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From:Fred T. Krogh Date:June 2 1999 6:03pm
Subject:Optimization
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A recent post by Monty on the difficulty of optimizing subselects,
prompted the following idea which may be anything from great to
worthless!

Given a query, reduce it to a canonical form which contains the
essential information needed for deciding how to perform the query.  The
canoical form would translate a part like "name=Smith" to "name=", since
a later query with Smith replaced by Jones would presumably process the
query in the same way.   (Probably, simple queries should not be looked
for, or entered, in the saved information, where "simple" depends on
whether the saved information is kept in memory on on disk?)

Look up the canonical entry in a history of past queries (hash table
seems plausible).  If found, use the information stored for the method
of processing the query.  If not found, decide how to optimize the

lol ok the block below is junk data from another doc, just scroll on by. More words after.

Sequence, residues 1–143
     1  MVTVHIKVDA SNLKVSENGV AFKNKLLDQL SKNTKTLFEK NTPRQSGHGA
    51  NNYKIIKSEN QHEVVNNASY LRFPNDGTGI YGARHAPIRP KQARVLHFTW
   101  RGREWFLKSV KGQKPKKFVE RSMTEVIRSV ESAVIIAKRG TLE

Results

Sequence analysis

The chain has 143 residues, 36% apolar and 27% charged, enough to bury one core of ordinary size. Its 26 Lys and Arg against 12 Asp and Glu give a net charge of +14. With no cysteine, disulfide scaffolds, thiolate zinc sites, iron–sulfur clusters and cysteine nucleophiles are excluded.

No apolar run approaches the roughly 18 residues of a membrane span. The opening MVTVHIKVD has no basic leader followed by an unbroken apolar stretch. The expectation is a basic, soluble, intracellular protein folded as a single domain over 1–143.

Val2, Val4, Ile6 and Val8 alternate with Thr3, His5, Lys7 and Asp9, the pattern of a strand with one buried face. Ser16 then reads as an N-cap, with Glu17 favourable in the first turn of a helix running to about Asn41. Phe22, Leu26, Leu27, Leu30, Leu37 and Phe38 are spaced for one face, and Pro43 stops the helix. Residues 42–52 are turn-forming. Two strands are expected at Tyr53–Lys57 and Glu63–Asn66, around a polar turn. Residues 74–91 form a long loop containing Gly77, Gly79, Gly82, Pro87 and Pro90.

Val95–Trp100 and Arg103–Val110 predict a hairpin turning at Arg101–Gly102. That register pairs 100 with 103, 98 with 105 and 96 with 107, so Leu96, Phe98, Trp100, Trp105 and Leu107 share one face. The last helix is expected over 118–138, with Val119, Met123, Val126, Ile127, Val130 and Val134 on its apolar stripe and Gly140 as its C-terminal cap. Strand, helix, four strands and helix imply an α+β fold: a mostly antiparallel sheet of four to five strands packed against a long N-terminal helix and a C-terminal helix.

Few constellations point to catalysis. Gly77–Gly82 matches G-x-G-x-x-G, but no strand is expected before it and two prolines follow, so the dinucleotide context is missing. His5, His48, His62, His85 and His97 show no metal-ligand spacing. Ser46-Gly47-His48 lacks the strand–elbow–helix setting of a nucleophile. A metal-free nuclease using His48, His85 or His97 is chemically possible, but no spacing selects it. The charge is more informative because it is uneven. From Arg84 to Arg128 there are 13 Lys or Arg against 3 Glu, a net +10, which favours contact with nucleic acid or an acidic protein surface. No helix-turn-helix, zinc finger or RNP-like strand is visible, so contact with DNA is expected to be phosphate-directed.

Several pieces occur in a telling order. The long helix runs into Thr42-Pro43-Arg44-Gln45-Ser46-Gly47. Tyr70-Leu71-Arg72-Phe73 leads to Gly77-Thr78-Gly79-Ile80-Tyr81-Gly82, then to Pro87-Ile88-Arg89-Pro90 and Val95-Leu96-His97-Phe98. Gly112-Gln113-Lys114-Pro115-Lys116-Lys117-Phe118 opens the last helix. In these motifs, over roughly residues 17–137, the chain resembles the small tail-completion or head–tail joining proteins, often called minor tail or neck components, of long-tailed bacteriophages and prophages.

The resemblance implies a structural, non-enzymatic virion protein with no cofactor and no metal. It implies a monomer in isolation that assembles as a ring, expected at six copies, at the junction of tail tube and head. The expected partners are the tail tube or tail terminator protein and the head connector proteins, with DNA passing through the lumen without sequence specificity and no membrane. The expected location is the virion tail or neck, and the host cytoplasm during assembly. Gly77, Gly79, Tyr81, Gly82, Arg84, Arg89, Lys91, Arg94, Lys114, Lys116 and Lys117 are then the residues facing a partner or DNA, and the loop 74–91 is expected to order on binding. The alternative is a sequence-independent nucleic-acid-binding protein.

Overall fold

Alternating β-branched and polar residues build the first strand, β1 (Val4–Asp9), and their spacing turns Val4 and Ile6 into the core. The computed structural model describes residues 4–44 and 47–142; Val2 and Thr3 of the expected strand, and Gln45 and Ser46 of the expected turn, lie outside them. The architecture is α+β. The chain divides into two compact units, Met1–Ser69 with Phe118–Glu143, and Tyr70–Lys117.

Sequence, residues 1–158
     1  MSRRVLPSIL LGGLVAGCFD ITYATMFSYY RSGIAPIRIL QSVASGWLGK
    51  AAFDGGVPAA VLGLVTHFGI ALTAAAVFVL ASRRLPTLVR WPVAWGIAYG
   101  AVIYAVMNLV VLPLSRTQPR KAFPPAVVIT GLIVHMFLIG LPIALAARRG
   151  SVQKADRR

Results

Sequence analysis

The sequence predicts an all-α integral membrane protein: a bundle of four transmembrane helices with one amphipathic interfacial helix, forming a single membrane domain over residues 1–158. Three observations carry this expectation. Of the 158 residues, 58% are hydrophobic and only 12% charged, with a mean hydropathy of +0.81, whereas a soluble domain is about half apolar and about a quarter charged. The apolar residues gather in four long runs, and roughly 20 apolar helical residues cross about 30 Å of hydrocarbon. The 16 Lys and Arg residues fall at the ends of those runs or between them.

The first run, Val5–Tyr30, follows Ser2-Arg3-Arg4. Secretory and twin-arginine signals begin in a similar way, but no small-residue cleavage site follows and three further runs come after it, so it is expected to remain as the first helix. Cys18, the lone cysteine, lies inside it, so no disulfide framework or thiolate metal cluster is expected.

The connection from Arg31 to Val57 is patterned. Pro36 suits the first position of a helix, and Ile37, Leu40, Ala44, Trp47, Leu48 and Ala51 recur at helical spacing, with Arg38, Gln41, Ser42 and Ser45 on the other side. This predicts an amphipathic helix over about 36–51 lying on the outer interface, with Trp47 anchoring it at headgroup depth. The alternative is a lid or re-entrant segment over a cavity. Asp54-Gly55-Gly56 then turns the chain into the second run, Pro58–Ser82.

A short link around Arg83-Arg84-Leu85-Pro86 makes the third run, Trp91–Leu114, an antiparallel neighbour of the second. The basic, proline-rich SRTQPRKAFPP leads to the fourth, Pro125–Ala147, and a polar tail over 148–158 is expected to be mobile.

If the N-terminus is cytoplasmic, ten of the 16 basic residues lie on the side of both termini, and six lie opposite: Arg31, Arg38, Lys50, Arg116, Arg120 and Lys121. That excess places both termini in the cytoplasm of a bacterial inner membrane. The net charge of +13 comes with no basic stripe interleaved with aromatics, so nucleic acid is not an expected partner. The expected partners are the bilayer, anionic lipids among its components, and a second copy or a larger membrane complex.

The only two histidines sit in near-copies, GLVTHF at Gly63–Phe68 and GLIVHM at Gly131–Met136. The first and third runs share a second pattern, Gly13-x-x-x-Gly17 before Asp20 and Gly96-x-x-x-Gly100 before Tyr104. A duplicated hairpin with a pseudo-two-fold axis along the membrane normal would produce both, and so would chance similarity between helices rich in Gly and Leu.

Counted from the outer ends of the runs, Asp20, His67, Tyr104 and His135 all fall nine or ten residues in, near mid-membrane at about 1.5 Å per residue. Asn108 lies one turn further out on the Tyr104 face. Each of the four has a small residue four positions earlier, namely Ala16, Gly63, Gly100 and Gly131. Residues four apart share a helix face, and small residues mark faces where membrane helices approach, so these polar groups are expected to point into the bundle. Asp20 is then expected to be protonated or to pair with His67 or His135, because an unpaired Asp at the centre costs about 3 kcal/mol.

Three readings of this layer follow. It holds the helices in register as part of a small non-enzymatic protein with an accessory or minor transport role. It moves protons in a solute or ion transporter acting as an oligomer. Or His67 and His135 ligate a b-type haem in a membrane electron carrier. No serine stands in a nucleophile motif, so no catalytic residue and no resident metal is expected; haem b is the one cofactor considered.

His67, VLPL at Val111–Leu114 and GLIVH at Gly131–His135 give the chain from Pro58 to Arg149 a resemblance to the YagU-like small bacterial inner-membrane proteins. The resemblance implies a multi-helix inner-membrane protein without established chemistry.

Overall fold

query, and store relevent information in the history of past queries.
If the space for storing past queries is exhausted, delete an entry
based on LRU or some other method.   (I presume the saved information
would include things like the number of entries necessary to prefer
using indexes rather than a sequential search or to prefer searching one
table prior to another.)

Without knowing a lot about how databases are used, I'm guessing that if
this were done for the 1000 last queries one would find the preferred
method for doing the query more often than not.

Regards,
         Fred
fkrogh@stripped

Thread
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